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A management level job interview is intensely competitive. These are desirable spots and there are fewer of them. The secret to landing the management job you want is to bring a 30-60-90-day plan, or a business plan, to your first interview.

A 30-60-90-Day Plan is the best tool available for helping you stand out from the competition, especially at the management level.

When I coach job seekers, I advise every one of them to go to the interview with a 30-60-90-day plan because they’re much better able to show how they’re going to attack the job and the problems that need to be solved.

Not only does a plan highlight your technical and industry expertise, it paves the way for you to communicate your strategic thinking, critical decision-making skills, goal-setting, and more.

It gives them sort of a test drive in a “this is how it will look when I’m on the job” and “this is how I’m going to begin solving your problems and making you money” kind of way.

A well-thought-out plan highlights the “it” factor for employers. It shows them you know your stuff, AND you think strategically and know what it takes to get to a goal.

management-level job interviewHow you put together your plan will vary by whatever industry or career area you’re in, but all jobs will have a basic structure or timeline when you start:

(1) an initial period of learning the specifics of the company—systems, procedures, getting to know your team—that’s the first 30 days;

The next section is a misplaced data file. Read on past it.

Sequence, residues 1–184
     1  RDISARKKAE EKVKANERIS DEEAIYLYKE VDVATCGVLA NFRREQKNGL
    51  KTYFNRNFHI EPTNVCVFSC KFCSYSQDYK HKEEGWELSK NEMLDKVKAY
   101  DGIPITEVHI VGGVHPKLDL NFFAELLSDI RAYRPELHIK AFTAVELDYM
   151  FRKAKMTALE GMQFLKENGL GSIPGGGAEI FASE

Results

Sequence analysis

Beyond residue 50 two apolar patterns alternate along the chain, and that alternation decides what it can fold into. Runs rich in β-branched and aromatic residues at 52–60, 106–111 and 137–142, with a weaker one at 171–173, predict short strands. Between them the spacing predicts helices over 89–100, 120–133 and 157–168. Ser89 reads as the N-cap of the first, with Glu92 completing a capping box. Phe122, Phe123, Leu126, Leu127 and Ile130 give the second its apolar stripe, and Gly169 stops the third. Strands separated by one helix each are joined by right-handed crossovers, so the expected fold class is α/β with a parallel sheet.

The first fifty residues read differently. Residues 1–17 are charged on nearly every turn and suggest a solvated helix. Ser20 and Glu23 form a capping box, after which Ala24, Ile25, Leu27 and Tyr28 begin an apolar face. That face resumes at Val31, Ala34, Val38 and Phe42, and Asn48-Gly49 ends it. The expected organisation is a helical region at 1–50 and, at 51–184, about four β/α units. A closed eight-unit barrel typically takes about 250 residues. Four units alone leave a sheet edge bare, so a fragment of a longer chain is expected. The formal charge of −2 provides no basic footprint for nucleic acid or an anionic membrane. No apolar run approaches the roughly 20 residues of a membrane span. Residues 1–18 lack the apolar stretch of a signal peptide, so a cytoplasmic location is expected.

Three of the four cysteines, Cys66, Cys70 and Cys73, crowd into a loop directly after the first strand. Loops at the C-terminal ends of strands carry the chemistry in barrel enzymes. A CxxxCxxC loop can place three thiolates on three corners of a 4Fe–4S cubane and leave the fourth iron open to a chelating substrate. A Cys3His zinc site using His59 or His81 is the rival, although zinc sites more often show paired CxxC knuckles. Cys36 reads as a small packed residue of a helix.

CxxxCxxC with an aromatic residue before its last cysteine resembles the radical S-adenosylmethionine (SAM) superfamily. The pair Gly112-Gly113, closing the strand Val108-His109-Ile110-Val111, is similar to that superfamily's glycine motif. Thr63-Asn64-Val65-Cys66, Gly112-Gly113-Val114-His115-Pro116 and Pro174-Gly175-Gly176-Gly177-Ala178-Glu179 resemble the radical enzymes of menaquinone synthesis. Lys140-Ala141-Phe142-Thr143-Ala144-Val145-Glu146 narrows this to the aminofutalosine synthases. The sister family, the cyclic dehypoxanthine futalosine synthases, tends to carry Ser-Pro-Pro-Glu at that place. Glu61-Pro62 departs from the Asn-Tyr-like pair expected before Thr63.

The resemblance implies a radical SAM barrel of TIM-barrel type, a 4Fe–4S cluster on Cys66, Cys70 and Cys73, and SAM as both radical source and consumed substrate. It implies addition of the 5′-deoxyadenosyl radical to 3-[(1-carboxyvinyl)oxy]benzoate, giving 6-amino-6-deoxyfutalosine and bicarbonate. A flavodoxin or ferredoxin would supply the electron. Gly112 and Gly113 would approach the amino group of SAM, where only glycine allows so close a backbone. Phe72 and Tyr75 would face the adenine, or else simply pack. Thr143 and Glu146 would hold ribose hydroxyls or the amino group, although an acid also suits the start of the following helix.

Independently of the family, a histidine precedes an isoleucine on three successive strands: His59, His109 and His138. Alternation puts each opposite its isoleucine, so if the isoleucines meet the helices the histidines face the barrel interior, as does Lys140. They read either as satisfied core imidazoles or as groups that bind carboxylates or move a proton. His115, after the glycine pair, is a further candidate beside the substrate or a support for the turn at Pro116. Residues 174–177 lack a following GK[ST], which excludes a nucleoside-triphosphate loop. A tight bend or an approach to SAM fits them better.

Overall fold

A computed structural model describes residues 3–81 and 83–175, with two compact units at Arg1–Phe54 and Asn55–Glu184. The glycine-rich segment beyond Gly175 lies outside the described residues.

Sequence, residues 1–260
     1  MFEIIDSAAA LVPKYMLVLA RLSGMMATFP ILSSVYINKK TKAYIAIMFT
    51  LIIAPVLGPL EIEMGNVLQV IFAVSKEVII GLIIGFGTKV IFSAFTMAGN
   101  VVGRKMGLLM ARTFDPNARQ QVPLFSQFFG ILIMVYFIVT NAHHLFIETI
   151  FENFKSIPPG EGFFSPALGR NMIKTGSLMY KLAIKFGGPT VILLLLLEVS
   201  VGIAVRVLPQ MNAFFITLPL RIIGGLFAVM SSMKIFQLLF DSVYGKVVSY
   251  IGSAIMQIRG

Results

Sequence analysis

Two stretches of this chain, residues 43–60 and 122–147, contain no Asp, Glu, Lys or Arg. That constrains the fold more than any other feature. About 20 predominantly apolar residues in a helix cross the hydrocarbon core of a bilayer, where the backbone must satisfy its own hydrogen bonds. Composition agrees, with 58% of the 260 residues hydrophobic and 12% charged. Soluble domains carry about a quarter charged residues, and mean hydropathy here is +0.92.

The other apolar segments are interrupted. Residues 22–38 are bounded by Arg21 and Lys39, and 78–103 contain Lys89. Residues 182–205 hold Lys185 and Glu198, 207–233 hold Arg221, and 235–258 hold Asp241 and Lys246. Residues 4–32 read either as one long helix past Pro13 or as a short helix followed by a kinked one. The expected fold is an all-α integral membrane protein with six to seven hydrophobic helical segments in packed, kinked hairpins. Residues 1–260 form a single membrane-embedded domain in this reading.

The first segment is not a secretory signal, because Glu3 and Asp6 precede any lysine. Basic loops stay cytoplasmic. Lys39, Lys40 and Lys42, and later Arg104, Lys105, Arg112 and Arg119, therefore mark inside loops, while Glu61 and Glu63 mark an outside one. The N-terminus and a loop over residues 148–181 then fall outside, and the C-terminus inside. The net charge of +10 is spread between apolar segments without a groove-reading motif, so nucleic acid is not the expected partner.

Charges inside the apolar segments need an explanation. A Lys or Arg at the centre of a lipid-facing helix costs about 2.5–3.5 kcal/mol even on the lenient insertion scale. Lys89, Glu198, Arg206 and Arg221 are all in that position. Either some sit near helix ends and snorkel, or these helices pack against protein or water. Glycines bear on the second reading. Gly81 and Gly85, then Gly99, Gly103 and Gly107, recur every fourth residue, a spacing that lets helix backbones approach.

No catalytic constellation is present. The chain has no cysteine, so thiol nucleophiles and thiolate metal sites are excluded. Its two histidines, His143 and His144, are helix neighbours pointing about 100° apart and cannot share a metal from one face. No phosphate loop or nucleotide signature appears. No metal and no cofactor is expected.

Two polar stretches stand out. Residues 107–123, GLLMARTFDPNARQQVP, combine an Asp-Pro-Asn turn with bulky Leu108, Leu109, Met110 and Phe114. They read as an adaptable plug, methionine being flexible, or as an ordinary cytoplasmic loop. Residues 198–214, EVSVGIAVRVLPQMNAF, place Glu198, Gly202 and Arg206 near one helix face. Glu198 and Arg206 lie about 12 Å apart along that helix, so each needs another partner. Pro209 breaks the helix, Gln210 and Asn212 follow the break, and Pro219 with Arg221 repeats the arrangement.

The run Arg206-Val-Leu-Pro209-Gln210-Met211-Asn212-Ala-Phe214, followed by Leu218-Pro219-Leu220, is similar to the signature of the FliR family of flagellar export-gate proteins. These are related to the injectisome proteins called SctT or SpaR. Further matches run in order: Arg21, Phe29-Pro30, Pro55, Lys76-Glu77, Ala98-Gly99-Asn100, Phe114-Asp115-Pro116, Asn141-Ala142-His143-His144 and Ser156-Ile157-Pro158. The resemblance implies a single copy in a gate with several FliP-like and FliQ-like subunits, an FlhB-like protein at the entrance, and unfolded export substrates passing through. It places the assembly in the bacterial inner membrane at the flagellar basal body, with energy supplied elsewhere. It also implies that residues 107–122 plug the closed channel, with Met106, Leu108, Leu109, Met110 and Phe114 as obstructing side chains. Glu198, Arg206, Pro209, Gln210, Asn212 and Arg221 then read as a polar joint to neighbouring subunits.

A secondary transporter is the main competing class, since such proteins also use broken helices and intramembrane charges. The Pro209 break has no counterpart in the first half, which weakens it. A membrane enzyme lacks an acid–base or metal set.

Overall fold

(2) a secondary period of getting your feet wet—getting more in-depth, evaluating issues or programs, planning changes; and

(3) a “ready to run” period of implementing your changes, initiating new projects, attracting more customers, improving efficiency, etc.

Typically, these periods are divided into monthly sections – hence the 30-60-90-day plan sections. Some companies may want you to get moving faster than that, and it’s easy to adjust your plan. Some companies want to see a longer time frame–so you can make your plan a 6-month plan or even a 1-year plan, depending on what’s needed.

No matter what, it’s critical to customize your plan to that company with research on the company and its position in the industry, since these plans are even more impressive when they’re specifically tailored to the job. Use Google, LinkedIn, your network, and your recruiter to start finding essential information for your plan. You might even consider doing a SWOT analysis to help you.

When you create your plan, this is what you bring to the interview:

As a bonus–with your plan and your discussions about it, you will have a blueprint for success from Day One in this new role. Everyone will be on the same page.

Learn more about creating a plan on your own here.

Get a step ahead and save time by getting a Manager’s 30-60-90-day template and coaching.